I like the rain. I want to have a spring bookworming rain party full out with wellies—but not those Hunter Boots; absolutely not—, with yummy airy things like puffed pastries, meringues, mini fluffy cheese cakes, mousse dessert, macaroon, biscuits, crepe, and Earl Grey tea, definitely Earl Grey tea. and Tillandsia. We'd have lots of "air plants". Lots! And We'd read, but not anything structured. We'd bring books, trade books, read out-loud, pass books around between sentences and paragraphs. We'd leave with books we hadn't discovered.
I like books like I like my Jazz; euphoric, dangerous, occasionally a bit manic, sorrowful, bleak, raging, mood-incongruent, mournful, unforgivingly ragged, symbolic in a quiet way, warm apple pie for the soul. Give me a Plath style. Yōko Ogawa, M. Roach,
Criteria: Not rated on likability of characters. Not objective. I like Moxie Soda; chances are you don't.
time spent in that before bed reading slot:
5-until blurry eye 4-Later than I intended, but I still kept to my extended, extended reading time 3-I really should have been to bed an hour ago 2-customary 30 minutes. 1-book. side table. eyes closed.
How are common themes handled?
5-With an aesthetic that repurposes everyday themes into something fresh. Think of Hole Celebrity Skin covered by Cat Power 4-there is a comfortable air of familiarly.
3-Deja Vu 2. No deviation from its mates 1. Devastatingly trite, redundant, and stale.
Where would you keep it post-reading?
5-Next to my bed. 4-it's the center piece of my favorite bookshelf 3. On my other favorite bookshelf, but it's a bit dusty over their 2-Great cheap bookends 1-It never made it out of the box marked 'moving'.
5- Where is my teddy bear? Emotional-hangover 4- If I wasn't so emotionally stunted I'd cry. 3. Did James Cameron co-wrote this? Artfully contrived. 2- calculative emotional manipulation. This was literally written by James Cameron.1- I…feel…..nothing.
Mechanics (plot structure, voice, presentation, word choice, sentence structure, characters, writing style, pacing, and consistency):
5-Chanel 4-Prada 3-J-Crew 2-Gap 1-Old Navy
How-to- 'survive' 'cope with' 'understand'- (insert illness here) are rarely… no never successful. They are incredibly singular in approach, with scant review of gender, age, social-economic demographic, or other crucial factors. In this way they establish a baseline of irrelevant suggestions, a passing, hasty analysis of data, and deliver a shallow arrangement of ill-constructed out-come-based hypotheticals. Let's put it this way, generalizations applied to human experiences and behavior never work, and never will work.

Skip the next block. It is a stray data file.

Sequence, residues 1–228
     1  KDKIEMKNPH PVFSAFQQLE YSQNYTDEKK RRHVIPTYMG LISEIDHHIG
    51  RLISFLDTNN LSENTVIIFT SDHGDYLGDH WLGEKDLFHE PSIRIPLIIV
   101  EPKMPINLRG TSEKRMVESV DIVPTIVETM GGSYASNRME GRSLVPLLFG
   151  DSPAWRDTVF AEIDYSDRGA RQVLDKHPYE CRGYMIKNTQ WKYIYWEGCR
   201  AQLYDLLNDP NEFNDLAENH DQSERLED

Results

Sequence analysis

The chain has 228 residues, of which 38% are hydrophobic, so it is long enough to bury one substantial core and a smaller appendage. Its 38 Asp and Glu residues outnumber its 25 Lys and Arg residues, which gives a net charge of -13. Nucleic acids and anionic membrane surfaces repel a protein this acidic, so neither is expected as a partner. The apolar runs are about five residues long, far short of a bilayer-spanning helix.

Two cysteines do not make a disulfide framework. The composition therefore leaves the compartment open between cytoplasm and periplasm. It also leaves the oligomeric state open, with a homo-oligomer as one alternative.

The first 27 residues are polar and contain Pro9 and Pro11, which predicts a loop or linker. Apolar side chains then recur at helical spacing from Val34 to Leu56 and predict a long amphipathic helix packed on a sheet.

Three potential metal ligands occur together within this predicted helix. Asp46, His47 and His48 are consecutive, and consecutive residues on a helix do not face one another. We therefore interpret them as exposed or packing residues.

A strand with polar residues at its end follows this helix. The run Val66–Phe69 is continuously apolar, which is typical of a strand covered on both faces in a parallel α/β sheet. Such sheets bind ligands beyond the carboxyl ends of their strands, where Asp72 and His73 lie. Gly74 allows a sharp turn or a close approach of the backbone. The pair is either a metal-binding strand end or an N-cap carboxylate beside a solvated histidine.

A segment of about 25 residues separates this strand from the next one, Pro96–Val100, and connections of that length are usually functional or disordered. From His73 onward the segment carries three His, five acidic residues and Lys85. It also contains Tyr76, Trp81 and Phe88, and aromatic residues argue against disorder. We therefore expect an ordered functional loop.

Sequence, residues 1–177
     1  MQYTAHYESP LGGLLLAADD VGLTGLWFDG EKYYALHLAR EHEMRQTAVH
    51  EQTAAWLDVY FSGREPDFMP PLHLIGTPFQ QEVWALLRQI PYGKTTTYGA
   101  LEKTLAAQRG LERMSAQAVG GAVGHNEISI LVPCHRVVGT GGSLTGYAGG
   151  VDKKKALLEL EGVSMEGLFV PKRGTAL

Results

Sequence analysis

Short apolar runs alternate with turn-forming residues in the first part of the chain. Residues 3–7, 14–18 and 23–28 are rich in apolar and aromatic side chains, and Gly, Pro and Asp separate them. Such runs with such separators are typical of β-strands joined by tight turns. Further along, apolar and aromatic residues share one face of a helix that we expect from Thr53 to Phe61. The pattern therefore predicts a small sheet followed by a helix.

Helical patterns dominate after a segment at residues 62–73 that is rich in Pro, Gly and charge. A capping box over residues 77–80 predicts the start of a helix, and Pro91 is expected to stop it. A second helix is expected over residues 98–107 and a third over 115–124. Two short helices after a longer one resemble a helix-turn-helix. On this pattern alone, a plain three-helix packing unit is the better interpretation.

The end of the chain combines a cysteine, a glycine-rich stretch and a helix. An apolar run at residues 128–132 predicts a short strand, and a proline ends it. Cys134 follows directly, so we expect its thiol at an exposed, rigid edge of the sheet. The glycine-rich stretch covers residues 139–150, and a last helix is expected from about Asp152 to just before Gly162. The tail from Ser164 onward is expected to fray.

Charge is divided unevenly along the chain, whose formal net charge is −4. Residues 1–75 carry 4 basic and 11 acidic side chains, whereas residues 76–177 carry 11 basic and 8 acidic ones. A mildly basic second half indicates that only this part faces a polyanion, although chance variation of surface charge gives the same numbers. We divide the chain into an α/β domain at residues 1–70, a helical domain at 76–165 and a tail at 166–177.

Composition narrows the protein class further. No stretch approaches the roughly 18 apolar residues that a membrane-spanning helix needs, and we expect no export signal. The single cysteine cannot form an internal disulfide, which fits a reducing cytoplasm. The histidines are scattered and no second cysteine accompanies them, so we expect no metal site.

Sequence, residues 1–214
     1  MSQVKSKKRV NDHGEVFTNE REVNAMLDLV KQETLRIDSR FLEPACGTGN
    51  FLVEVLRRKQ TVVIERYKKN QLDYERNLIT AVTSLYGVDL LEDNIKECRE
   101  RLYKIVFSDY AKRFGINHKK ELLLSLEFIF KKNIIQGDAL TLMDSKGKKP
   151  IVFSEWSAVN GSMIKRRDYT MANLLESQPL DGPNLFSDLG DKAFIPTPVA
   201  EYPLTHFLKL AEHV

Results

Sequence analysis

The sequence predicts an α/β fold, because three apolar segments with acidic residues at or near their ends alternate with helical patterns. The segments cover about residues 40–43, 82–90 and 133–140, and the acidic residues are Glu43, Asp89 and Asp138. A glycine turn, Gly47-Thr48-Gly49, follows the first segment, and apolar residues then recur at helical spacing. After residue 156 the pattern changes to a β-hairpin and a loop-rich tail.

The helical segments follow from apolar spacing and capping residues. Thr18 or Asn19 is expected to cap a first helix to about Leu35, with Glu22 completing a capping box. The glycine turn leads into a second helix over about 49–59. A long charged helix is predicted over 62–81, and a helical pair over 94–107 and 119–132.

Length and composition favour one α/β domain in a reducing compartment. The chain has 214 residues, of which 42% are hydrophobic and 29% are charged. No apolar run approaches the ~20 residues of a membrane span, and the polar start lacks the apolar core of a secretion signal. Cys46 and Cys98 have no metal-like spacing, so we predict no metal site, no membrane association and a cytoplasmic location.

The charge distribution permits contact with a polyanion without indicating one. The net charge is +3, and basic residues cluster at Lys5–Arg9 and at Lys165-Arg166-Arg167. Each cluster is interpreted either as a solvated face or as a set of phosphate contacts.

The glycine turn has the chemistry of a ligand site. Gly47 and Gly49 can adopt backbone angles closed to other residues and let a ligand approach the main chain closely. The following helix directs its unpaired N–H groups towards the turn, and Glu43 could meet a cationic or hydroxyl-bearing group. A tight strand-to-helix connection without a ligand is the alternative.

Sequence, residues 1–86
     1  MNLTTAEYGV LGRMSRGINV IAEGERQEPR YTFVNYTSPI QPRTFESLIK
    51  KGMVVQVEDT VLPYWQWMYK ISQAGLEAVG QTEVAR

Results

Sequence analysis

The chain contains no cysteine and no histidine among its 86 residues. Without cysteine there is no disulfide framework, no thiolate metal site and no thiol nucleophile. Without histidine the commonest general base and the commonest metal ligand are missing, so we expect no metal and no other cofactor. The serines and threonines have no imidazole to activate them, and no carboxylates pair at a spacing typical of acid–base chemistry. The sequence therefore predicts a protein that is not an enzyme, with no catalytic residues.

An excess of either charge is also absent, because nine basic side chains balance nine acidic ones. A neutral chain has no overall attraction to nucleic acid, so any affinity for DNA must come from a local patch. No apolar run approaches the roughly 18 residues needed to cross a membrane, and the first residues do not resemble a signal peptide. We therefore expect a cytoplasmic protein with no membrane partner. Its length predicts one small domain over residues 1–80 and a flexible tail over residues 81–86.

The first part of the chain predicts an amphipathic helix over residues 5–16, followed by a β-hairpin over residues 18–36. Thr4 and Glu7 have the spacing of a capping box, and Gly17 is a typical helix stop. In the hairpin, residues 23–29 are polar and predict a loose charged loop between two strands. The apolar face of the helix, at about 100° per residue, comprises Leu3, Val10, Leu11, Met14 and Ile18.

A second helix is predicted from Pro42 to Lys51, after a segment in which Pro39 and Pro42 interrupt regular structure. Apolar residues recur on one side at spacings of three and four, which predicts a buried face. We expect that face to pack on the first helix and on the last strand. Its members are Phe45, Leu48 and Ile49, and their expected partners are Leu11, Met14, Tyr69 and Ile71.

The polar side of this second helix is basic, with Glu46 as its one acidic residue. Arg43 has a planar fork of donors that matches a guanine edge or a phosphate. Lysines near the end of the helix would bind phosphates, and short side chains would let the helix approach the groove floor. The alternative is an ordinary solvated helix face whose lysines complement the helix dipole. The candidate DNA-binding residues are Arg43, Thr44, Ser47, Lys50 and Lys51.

The most agitating competent of these how-to-books is the abundance of hope one places on its contents. this misplaced hope in turn can lead to further complications, most specific of which is a deeper loss of hope.
This book is not an exception to this trend, and it may even be one of the worst examples. Bipolar disorder is not, as the label suggest, cemented within binary variables. It is a continuum of behaviors that are, to a large extent very individualized. irritability, depression, anger, panic, sadness, aggression, alcohol and drug dependency, as well as others trail alone from one extreme, depression, to the other mania; and guess what? they make pitstops along the way. This is not your game of pong with one emotion ricocheting off another.
This book regurgitates information, data—briefly, and hastily—in such a way that it could convince people that it has girth and substance to it. A closer inspection reveals that it is supplying a lean version of care that one would (SHOULD) obtain in therapy and through medical interventions. From contracts to an explanation on sleep cycles, to a very poor review of medication interventions, this book not only misses the mark, it establishes the criteria of failure for future 'manuals' to come.
The danger of books like this is that they can so easily distract people, rather than support them with their health care needs. this is even more relevant with a bipolar population, where adhering to medical, psychological, and social elements essential for maintenance are often ignored, or avoided.